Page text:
Not true, although I share her basic mystification at the idea that a Twitter block somehow might implicate the First Amendment in the year of our lord 2019.

Consider this another of the many ways in which she and Trump are alike. He too went to court recently claiming that he had every right to send the trolls populating his Twitter replies packing via the block feature. Twitter is a private entity, is it not? The blocked trolls can still see Trump’s tweets by logging out of their accounts and viewing his publicly available Twitter account homepage, can they not? Well, then, how the hell are anyone’s First Amendment rights being violated by blocking them?

He made that case to the Second Circuit — and lost, just last month. AOC will lose too if she’s stupid or stubborn enough to force a lawsuit about it.

This dispute started with a letter sent to her by Columbia University’s Knight First Amendment Institute, the same outfit that beat Trump in court. Maybe you haven’t heard, said the Institute, but it’s now the law that politicians who use their Twitter accounts to engage extensively on official/policy matters are operating a “public forum.” And public forums are covered by the First Amendment, which means you’re not allowed to discriminate against people based on their viewpoint. No blocking allowed.

Until now, Ocasio-Cortez’s pitifully lame defense has been that the AOC Twitter account which five million people follow isn’t her “official” account. The official account is RepAOC — which has all of 188,000 followers or so and is updated infrequently. That’s the public forum, she claims. The AOC account she uses every day for political matters various and sundry is a personal account and therefore shouldn’t be subject to First Amendment restrictions. Trump made the same argument to the Second Circuit, though, and they laughed him off. Right, he has an official POTUS Twitter account in addition to the realDonaldTrump account that the entire world reads, but he can’t duck the reality that he’s running a public forum on his main account simply by designating some other, less newsworthy account his official one. We have to look at how an account is being used to decide if it’s a public forum, said the Second Circuit:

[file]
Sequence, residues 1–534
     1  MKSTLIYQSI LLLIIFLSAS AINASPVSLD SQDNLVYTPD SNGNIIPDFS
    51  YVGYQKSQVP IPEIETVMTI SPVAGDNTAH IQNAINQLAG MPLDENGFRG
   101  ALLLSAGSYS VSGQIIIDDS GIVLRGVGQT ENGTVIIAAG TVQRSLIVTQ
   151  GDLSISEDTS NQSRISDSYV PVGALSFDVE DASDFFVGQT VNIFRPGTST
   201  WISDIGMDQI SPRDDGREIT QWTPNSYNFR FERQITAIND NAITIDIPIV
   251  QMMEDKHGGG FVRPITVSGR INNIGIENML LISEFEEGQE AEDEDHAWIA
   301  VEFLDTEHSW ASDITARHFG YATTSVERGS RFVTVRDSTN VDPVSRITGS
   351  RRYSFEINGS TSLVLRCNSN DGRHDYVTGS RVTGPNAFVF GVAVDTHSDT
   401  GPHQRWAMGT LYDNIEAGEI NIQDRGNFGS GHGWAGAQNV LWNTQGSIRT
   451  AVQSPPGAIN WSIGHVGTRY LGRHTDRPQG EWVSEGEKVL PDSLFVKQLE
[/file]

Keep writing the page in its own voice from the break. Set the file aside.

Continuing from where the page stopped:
Virtually all of that is true for Ocasio-Cortez and her AOC account. She operates it personally, her staff has claimed, and her Twitter bio makes clear that it belongs to a federal legislator: “Congresswoman for NY-14 (the Bronx & Queens).” The account is her main conduit for communicating with the public about congressional business, including votes on particular bills. And she too uses “likes” and “retweets” copiously to signal agreement with the political opinions of others. The only potentially meaningful difference between Trump’s account and hers is that his staff have acknowledged that he conducts “official” business from the account, but that difference may be due more to a distinction in their offices than in how they’re using the platform. Trump can act unilaterally as executive; Ocasio-Cortez, a legislator, can’t. But by using her account to build public support for and against specific bills, she’s also performing a quasi-official duty of her job through her account.

Bottom line: She’s going to lose in court if this ends up there and anyone who’s read the Second Circuit opinion would know that. So … why is she insisting on fighting the Knight Institute on this?

The idea that “harassment is not a viewpoint” for First Amendment purposes is reminiscent of some progressives’ mistaken belief that “hate speech isn’t free speech.” Extreme forms of harassment, like true threats, aren’t protected speech. Petty forms, like tweeting at AOC that she’s a dimwitted commie symp, are. “Harassment” is a bro-o-ad term; doubtless Trump would dub every unflattering comment about him as “harassment” if he thought he could use that as a First Amendment workaround. If Ocasio-Cortez believes that certain nasty tweets at her rise to the level of criminal harassment, she should report them to the FBI. Otherwise, what’s left to say?

The punchline here is that if you know anything about Twitter you know that AOC can easily achieve her goal of tuning out trolls without blocking anyone. That’s what the “mute” function is for. Simply by muting instead of blocking, she can instantly exclude all tweets from a trollish user from her “replies” column while ensuring that that user can continue to see and interact with her own tweets, which is what the Second Circuit was worried about in Trump’s case. She’s supposed to be the most savvy social-media user in all of government. How is it that she doesn’t understand that this simple solution is available to her? Any casual Twitter user would know.